Compulsive sexual behavior
What Sexual Scientists Know About...
Compulsive Sexual Behavior
Can sex become compulsive? Like most behaviors, sex can be taken to its obsessive & compulsive extremes. Sexual obsessions & compulsions are recurrent, distressing & interfere with daily functioning. Many people suffer with these problems but finding consensus about them among sexual scientists or treatment professionals is not easy. This makes it more difficult for those suffering from compulsive sexual behavior (CSB) to get the appropriate help they need. For those who want to know more about this problem, it is helpful to know about the types of CSB, the various theoretical viewpoints & treatment approaches. While there are many types of compulsive sexual behavior, they can be divided into two main types: paraphilic & non-paraphilic CSB. Sexual scientists have used various terms to describe this phenomenon: hypersexuality, erotomania, nymphomania, satyriasis & most recently sexual addiction & compulsive sexual behavior. The terminology has often implied different values, attitudes & theoretical orientations.
Paraphilic behaviors are unconventional sexual behaviors which are obsessive & compulsive. They interfere with love relationships & intimacy. While John Money(1) has defined nearly 50 paraphilias, the Diagnostic & Statistical Manual of Mental Disorders (DSM-IV) of the American Psychiatric Association has currently classifed eight paraphilias & these are generally considered the most common:
In the recent DSM-IV, the paraphilias are defined as "recurrent, intense sexually arousing fantasies, sexual urges, or behaviors involving 1) nonhuman objects, 2) the suffering or humiliation of oneself or one's partner, or 3) children or other nonconsenting persons... The behavior, sexual urges, or fantasies cause clinically significant distress in social, occupational, or other important areas of functioning (p. 522-523)." Some behaviors, such as sado-masochism when they are consensual & do not impair life functioning are not considered a paraphilia because they do not meet all the diagnostic criteria.
Nonparaphilic CSB involves conventional sexual behaviors which when taken to an extreme are recurrent, distressing & interfere in daily functioning. One example is given in the DSM under the category of Sexual Disorders Not Otherwise Specified. The authors of the DSM describe an example of "distress about a pattern of repeated sexual relationships involving a succession of lovers who are experienced by the individual only as things to be used" (p.538). Other forms of nonparaphilic CSB include: compulsive fixation on an unattainable partner, compulsive masturbation, compulsive love relationships & compulsive sexuality in a relationship.(3)
The Danger of Overpathologizing this Disorder
The possibility of overpathologizing this disorder is the main criticism given by those who do not believe in the idea of compulsive sexual behavior as a disorder. The pathologizing of sexual behavior may be driven by anti-sexual attitudes & a failure to recognize the wide-range of normal human sexual expression. This caution is important when assessing whether a person is engaging in compulsive sexual behavior. It is important for professionals to be comfortable with a wide range of normal sexual behavior - both in types of behaviors & frequency. Sometimes individuals with their own restrictive values will diagnose themselves with this disorder, creating their own distress. Therefore it is very important to distinguish between individuals who have a values conflict with their sexual behavior & those who engage in obsessive sexual behaviors.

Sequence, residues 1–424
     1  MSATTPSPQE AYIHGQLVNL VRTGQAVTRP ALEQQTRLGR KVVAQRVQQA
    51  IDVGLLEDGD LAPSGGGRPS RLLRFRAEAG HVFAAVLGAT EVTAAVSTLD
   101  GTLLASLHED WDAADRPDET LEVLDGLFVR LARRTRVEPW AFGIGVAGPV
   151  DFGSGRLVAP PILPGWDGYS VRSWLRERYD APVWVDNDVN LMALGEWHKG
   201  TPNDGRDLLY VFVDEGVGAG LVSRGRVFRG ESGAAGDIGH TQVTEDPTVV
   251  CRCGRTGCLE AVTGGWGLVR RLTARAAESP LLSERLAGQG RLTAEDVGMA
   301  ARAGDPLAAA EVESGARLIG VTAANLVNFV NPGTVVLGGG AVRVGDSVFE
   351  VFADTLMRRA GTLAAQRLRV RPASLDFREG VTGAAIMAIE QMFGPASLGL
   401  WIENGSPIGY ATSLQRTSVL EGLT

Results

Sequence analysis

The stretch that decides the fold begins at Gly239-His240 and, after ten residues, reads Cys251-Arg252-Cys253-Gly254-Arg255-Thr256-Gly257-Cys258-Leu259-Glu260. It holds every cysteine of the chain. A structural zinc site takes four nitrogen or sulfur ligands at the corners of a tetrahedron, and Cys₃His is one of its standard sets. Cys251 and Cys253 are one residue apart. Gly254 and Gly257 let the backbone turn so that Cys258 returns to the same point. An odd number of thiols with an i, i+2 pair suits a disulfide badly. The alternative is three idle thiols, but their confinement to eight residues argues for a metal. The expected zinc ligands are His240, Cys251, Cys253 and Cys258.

A Conflict Over Values
There is an inherent danger in diagnosing CSB simply because someone's behavior does not fit the values of the individual, group or society. There has been a long tradition of pathologizing behavior which is not mainstream & which some might find distasteful. For example, masturbation, oral sex, homosexual behavior, sado-masochistic behavior (S-M) or a love affair could be viewed as compulsive because someone might disapprove of these behaviors. However, there is no scientific merit to viewing these behaviors as disorders, compulsive or "deviant." When someone is distressed about these behaviors, they are most likely in conflict with their own or someone else's value system rather than this being a function of compulsion.
Problematic Vs. Compulsive Sexual Behavior
Behaviors which are in conflict with someone's value system may be problematic but not obsessive-compulsive. Having sexual problems is common. Problems are often caused by a number of non-pathological factors. People can make mistakes. They can at times act impulsively. Their behavior can cause problems in a relationship. Some people will use sex as a coping mechanism similar to the use of alcohol, drugs, or eating. This pattern of sexual behavior can be problematic. Problematic sexual behavior is often remedies by time, experience, education or brief counseling. Obsessive & compulsive behavior, by its nature, is much more resistant to change.
Developmental Process vs. Compulsive Sexual Behavior
Some sexual behaviors might be viewed as obsessive or compulsive if they are not viewed within their developmental context. Adolescents, for example, can become "obsessed" with sex for long periods of time. In adulthood, it is common for individuals to go through periods when sexual behavior may take on obsessive & compulsive characteristics. In early stages of romance, there is a natural development period where an individual might be obsessed with their partner & compelled to seek out their company & express affection. These are normal & healthy developmental processes of sexual development & must be distinguished from CSB.
© 2001 Society for the Scientific Study of Sexuality